Primates and guinea pigs are unable to create vitamin C from diet, so supplementation is required.  The enzyme needed to convert glucose into ascorbic acid was lost eons ago.  Without vitamin C, even guinea pigs get gallstones, although we have never seen tiny guinea pig ambulances in our neighborhood.  From the same health and nutrition exam cited earlier, which ran from 1988 to 1994, researchers from the V.A. Center in San Francisco saw an inverse relationship between vitamin C intake and gallstones, strongly so among women, less so among men (Simon, 1998, 2000).  Vitamin C, by the way, affects the catabolism of cholesterol to bile acids.  Using guinea pigs as, well, guinea pigs, Swedish investigators learned that deficiency of vitamin C causes supersaturation of bile and the subsequent formation of cholesterol gallstones.  But they also found an interesting side story in humans.  Increasing ascorbic acid also increases phospholipid concentrations, leading to a strong inverse association with the conditions that lead to stone formation (Gstafsson, 1997).  German scientists came to the same conclusion about ascorbic acid when they found half the incidence of gallstones in a female population that supplemented with vitamin C regularly (Walcher, 2009) (Lammert, 2004).

So far, prevention has addressed measures that are readily available, off the shelf.  An important strategy to prevent stone formation if one is susceptible is to alter the conditions that promote it.  That can be done with phosphatidylcholine (PC), the chief phospholipid from which the cell membrane is made.  Enriching your diet with PC can directly affect cholesterol solubilization and reduce or eliminate the probability of gallstone formation (Kasbo, 2003) (Vakhrushev, 2005) (Lammert, 2004).

Anecdotal reports about healing protocols abound.  But some of them are surprisingly supportable.  When a person is hospitalized for gallbladder disease, his food is typically replaced with intravenous fluids.  In a while, the pain goes away, after which time you’re allowed to eat.  It’s believed that some foods invoke an allergic response that is at the root of gallbladder attacks.  In a casual test done in the late 1960’s, Dr. James Breneman, the chair of the Food Allergy Committee of the American College of Allergists, asked 69 people suffering from gallbladder pain to try an elimination diet to determine food allergies.  After the identified foods were taken from their diets, symptoms disappeared.  The offending foods were tagged.  Eggs, pork, onions, chicken and turkey, milk, coffee, and oranges were most bothersome, followed by corn, beans, nuts, spices, peanuts, fish and rye.  In addition to foods, twenty percent of the group had attacks caused by medications (Wright, 2004).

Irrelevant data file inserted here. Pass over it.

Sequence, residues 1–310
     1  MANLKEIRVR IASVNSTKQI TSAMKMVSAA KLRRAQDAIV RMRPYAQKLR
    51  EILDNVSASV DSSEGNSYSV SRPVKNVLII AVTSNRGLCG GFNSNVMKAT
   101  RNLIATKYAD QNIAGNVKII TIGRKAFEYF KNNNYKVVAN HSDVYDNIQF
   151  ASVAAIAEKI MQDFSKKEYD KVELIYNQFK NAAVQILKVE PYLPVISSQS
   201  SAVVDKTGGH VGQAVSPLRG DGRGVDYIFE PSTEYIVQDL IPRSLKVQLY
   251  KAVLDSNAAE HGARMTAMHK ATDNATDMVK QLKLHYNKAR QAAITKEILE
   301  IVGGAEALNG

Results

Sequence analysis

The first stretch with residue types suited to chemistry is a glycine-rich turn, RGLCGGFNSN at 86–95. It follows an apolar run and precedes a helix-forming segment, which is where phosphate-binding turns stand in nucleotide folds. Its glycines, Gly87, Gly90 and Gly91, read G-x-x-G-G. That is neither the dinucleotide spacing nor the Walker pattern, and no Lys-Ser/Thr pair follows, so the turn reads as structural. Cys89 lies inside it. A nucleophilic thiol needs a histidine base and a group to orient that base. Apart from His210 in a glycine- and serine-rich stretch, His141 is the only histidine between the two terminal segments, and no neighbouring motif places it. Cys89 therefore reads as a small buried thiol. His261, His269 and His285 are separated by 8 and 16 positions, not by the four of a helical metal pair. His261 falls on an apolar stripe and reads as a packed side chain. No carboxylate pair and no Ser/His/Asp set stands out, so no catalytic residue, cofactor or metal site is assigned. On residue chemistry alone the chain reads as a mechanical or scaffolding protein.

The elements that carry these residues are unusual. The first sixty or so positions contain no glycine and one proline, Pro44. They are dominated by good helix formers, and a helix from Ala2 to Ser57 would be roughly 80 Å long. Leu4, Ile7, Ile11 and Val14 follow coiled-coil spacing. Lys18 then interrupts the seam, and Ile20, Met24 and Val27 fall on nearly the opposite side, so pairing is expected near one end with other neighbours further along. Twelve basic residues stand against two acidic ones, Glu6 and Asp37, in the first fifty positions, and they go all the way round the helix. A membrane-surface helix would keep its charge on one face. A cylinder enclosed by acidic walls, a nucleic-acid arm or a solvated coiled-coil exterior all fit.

Pain and the fear of surgery will direct a person to the least invasive solution he can find, whether it’s clinically proven or not.  There is at least one such remedy for gallstone dissolution that seems to be popular outside the U.S.—a gallbladder cleanse purportedly designed by a Korean chemist named Dr. Lai Chiu Nan.  It entails drinking four glasses of apple juice (or eating four-five apples) daily for five days.  The juice is supposed to soften the stones.  Maintain a normal diet during this time.  On day six, no dinner is enjoyed.  At 6 PM, a teaspoon of Epsom salts in a glass of warm water is consumed, followed by a second such cocktail two hours later.  Magnesium sulfate opens the gallbladder ducts (Harvey, 1973).  At 10 PM, swallow a half cup of olive oil mixed with a half cup of fresh lemon juice, to lubricate the stones and to ease their passage.  Green stones are supposed to drop into the toilet the next day.  If they don’t, use the olive oil and lemon juice to make vinaigrette.  If they do, a gemologist might make you an offer.  Hey, sometimes folk medicine really works, as in the oatmeal baths for itchy skin or lemon juice and honey for a sore throat.